Physical punishment of children in two-parent families

Gavin Nobes, Marjorie Smith

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38 Citations (Scopus)


Most research concerning the extent to which children are physically punished has focused on only one parent of each child. It fails, therefore, to document the degree to which, within two-parent families, parents' punishments are similar, and how both parents' punishments combine. As a result, the important clinical question of how much physical punishment children receive has not been addressed. These issues were investigated by separately interviewing both mothers and fathers in 99 two-parent families. The interviews focused on the type, frequency and severity of parental punishments. Significant levels of association were found between mothers' and fathers' use of physical punishments, indicating that if one parent physically punishes frequently or severely, the other parent is also likely to do so. When the combination of both parents' punishments was considered, the extent of physical punishment received by children was found to be considerably greater than that reportedly administered by mothers, or by fathers, alone. These findings demonstrate the clinical importance of taking into account both parents' punishments of their children.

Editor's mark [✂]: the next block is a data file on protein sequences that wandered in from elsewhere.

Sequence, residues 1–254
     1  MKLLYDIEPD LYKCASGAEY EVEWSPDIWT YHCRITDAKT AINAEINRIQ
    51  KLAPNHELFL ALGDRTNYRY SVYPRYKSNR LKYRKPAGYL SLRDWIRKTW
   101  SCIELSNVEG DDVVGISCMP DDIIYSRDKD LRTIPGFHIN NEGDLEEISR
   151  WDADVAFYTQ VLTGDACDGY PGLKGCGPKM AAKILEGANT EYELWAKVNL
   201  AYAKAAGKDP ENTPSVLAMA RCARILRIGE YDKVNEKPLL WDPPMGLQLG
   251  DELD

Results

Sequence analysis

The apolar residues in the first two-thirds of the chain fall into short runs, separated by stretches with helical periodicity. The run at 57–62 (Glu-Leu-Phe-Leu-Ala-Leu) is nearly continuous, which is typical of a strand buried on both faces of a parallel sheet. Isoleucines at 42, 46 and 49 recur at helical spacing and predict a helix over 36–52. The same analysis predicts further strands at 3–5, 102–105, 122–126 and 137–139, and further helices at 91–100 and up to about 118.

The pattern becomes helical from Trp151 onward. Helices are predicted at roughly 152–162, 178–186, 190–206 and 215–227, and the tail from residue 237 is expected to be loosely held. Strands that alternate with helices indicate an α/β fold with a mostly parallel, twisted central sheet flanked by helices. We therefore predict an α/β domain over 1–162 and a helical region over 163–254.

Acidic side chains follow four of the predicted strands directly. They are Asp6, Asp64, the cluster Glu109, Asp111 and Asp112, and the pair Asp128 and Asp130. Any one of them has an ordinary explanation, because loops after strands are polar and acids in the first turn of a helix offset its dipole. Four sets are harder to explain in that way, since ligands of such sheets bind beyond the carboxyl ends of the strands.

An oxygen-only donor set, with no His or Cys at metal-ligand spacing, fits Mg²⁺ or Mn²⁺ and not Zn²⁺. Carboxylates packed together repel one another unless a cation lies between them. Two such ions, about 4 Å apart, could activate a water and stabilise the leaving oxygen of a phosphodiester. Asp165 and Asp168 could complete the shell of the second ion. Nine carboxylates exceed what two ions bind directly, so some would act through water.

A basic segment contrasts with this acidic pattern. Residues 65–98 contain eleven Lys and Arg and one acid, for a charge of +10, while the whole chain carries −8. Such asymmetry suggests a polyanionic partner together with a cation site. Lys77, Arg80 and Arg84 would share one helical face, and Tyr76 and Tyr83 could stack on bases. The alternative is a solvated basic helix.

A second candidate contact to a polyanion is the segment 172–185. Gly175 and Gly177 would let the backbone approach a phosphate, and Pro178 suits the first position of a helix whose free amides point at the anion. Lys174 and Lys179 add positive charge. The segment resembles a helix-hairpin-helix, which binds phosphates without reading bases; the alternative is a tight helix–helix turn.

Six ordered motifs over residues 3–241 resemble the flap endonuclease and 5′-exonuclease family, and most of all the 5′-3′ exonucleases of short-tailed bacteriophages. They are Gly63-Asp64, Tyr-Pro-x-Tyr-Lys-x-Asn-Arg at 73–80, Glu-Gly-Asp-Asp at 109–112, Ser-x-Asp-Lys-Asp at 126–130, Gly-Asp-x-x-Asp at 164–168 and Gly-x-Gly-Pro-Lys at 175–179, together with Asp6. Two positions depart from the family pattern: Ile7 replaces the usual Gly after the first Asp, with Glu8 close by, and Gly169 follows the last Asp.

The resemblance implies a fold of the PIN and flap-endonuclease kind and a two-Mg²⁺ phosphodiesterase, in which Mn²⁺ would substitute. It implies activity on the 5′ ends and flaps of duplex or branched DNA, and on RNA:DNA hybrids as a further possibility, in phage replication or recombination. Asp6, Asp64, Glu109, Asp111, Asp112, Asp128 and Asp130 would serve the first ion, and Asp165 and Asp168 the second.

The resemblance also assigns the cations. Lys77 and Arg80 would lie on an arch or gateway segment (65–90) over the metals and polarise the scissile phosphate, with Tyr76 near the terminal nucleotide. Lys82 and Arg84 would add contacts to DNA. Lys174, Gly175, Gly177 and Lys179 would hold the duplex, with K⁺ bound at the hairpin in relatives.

Original languageEnglish
Pages (from-to)271-281
Number of pages11
JournalClinical Child Psychology and Psychiatry
Issue number2
Publication statusPublished - 1 Apr 1997

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